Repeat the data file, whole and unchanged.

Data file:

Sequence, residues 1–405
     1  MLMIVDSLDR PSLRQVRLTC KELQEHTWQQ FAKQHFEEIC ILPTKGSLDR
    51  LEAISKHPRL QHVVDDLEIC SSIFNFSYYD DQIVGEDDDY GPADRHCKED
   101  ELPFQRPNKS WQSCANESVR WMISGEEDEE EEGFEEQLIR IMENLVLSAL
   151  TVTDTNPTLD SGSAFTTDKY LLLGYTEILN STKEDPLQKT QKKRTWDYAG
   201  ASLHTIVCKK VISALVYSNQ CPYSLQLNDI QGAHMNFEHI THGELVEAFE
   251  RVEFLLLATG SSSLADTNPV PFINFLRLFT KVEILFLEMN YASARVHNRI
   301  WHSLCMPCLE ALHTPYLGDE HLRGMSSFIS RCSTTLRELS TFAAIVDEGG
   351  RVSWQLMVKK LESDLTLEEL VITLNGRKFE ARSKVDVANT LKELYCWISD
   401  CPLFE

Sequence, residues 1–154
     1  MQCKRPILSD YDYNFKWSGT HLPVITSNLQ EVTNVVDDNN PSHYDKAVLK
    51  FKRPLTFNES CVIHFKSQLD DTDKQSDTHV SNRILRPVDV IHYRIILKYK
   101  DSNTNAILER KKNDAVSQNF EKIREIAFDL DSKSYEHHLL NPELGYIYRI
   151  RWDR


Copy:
Sequence, residues 1–405
     1  MLMIVDSLDR PSLRQVRLTC KELQEHTWQQ FAKQHFEEIC ILPTKGSLDR
    51  LEAISKHPRL QHVVDDLEIC SSIFNFSYYD DQIVGEDDDY GPADRHCKED
   101  ELPFQRPNKS WQSCANESVR WMISGEEDEE EEGFEEQLIR IMENLVLSAL
   151  TVTDTNPTLD SGSAFTTDKY LLLGYTEILN STKEDPLQKT QKKRTWDYAG
   201  ASLHTIVCKK VISALVYSNQ CPYSLQLNDI QGAHMNFEHI THGELVEAFE
   251  RVEFLLLATG SSSLADTNPV PFINFLRLFT KVEILFLEMN YASARVHNRI
   301  WHSLCMPCLE ALHTPYLGDE HLRGMSSFIS RCSTTLRELS TFAAIVDEGG
   351  RVSWQLMVKK LESDLTLEEL VITLNGRKFE ARSKVDVANT LKELYCWISD
   401  CPLFE

Sequence, residues 1–154
     1  MQCKRPILSD YDYNFKWSGT HLPVITSNLQ EVTNVVDDNN PSHYDKAVLK
    51  FKRPLTFNES CVIHFKSQLD DTDKQSDTHV SNRILRPVDV IHYRIILKYK
   101  DSNTNAILER KKNDAVSQNF EKIREIAFDL DSKSYEHHLL NPELGYIYRI
   151  RWDR